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 December 2005
library  >  Authors Corner

First Law of Thermodynamics

the first law of thermodynamics is basically the principle of conservation of energy. it says that energy will not vanish into nothing or arise out of nothing. this principle is as important to thermodynamic analysis as does newton's second law of motion in mechanics. what we want to learn in this tutorial is how to apply this simple law to problems in heat transfer.

applying the first law requires that we keep track of all forms of energy and make sure that every bit of energy is accounted for. in many cases, though, we ignore some of the forms that we deem small in comparison to other.

let's look at a simple example:

here a certain amount of air with a known temperature and flow rate enters a duct (or a pipe), gets heated up as it travels through the duct and exits at the other end. conservation of energy tells us that the energy of the air at the exit is equal to its energy at the entrance plus the amount of energy added to it during its travel through the pipe, or

in heat transfer we are mainly dealing with a form of energy called heat. heat is the form of energy that is transferred from one place to another as a result of temperature difference. there is an important distinction between what a thermodynamic analysis gives us versus what we get from a heat transfer analysis. in thermodynamics, we are looking at a system at two different states of equilibrium and can use the first law to determine the energy exchange in going from one state to another. heat transfer, on the other hand, deals mainly with the rate of heat transfer or the time it takes for the heat transfer to occur.

let's write the first law in terms of an equation starting from:

this simple equation says that the only way to change the total energy of a system is to have an imbalance between what we give to the system and what we take out of it (kind of like your bank account). writing this equation in a rate form and using e to represent energy, we have:

in heat transfer, we are mainly interested in the transfer of heat caused by a temperature difference. we separate the energy terms into the heat energy and other energies and lump all of this "other" forms of energy into a heat generation term. the above rate equations then become:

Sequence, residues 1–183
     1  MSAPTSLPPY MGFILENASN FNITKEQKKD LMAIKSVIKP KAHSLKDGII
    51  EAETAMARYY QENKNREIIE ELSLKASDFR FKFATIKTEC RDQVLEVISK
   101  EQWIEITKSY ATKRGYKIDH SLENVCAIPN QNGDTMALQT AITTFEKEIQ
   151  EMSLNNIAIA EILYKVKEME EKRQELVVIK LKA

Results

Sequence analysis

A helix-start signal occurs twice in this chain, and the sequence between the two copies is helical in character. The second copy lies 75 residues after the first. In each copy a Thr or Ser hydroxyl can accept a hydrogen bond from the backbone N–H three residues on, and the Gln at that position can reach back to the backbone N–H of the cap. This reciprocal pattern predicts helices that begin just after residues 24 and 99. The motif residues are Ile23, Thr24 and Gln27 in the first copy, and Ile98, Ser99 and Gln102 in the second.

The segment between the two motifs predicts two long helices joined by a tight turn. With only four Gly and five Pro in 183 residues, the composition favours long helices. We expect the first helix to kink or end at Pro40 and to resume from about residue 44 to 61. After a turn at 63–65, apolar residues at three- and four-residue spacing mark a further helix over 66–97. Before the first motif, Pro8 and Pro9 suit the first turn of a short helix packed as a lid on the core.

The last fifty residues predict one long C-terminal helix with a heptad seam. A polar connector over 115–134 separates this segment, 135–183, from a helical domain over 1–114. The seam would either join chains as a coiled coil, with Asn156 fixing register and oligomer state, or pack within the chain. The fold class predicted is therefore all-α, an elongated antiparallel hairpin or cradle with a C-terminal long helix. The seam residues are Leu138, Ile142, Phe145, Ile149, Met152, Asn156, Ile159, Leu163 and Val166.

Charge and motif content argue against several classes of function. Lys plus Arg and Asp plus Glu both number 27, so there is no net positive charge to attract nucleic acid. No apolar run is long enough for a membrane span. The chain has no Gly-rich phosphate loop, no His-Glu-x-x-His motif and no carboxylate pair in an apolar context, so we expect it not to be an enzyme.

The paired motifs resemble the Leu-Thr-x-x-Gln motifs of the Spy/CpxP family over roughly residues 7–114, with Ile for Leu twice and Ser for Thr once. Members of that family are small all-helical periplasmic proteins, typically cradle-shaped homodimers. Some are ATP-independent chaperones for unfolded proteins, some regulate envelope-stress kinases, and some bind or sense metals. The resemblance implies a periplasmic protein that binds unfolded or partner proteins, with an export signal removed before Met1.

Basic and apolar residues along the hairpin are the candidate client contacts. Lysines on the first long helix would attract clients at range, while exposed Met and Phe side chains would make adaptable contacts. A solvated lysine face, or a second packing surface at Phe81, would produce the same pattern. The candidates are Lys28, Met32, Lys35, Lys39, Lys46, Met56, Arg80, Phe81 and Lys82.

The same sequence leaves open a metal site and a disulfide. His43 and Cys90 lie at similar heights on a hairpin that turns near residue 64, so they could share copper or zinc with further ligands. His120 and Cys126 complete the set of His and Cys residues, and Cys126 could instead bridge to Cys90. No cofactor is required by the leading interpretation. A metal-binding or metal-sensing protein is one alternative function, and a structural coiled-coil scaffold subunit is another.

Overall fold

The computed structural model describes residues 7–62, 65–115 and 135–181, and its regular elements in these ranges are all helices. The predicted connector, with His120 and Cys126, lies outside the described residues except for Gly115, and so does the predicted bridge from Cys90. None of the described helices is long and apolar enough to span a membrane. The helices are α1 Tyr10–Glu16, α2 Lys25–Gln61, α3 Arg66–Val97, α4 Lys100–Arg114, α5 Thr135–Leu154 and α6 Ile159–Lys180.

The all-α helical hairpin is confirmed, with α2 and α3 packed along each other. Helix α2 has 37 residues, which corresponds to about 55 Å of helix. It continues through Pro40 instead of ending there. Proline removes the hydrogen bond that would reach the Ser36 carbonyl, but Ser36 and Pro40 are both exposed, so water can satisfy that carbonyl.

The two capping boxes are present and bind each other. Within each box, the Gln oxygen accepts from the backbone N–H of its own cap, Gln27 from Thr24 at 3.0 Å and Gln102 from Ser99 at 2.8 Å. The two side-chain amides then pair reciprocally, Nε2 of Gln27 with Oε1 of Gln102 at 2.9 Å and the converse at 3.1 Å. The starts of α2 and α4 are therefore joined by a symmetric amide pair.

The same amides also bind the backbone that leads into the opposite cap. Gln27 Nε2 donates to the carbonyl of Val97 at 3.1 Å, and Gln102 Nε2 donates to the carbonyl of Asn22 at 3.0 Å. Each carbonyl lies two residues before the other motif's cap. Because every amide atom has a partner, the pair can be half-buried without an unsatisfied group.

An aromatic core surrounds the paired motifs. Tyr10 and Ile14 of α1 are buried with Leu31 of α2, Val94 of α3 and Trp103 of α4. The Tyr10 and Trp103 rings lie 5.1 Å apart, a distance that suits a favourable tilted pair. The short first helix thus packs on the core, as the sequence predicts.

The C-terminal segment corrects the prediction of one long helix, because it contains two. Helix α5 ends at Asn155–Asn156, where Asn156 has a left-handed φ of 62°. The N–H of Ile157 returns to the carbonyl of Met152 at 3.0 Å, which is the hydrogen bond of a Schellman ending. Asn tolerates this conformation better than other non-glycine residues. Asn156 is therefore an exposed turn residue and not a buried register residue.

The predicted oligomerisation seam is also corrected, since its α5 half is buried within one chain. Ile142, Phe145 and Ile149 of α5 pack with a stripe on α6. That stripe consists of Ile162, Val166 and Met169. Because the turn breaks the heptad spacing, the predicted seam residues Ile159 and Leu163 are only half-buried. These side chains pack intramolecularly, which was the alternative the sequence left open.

so, we have reduced the first law of thermodynamic to a simple energy balance. applying the first law to heat transfer problems is nothing but balancing the thermal energy items.

closed systems and open systems

it is a common practice to conside two different cases of closed systems (where mass does not cross the boundary of the system) and open or flowing system (where mass does cross the system boundary). for most applications the total energy is equal to the internal energy. the internal energy is the sum of all microspcopic forms of energy. for a constant volume system we define the specific heat at constant volume as the energy required to raise the temperature of a unit mass of the substance by one degree as the volume is held constant. mathematically:

which is basically the definition of the specific heat. we just took the energy required per unit mass and per degree and multiplied it by the mass and by the temperature difference to get the internal energy. if m and dt are unity, the internal energy is equal to the specific heat. with this, the energy balance for a closed system becomes:

where q is the net amount of heat transfer assuming that no work is crossing the boundary of the system. we can write the net rate of heat transfer for a steady flow (open) system as:

the mass flow rate through a given cross section a is calculated as:

let's now consider a simple example of air flow through a duct with a constant cross section. we know the inlet and outlet temperatures and we know the flow rate. we want to calculate the heat loss (or gain) through the duct

we will use the magic equation to calculate the heat transfer through the duct walls:

we get the value of cp and density from air property tables using the average temperature between inlet and out let. the inlet velocity is given and the cross-sectional area is equal to a x b. substituting in the heat balance equation gives us the net heat transfer.

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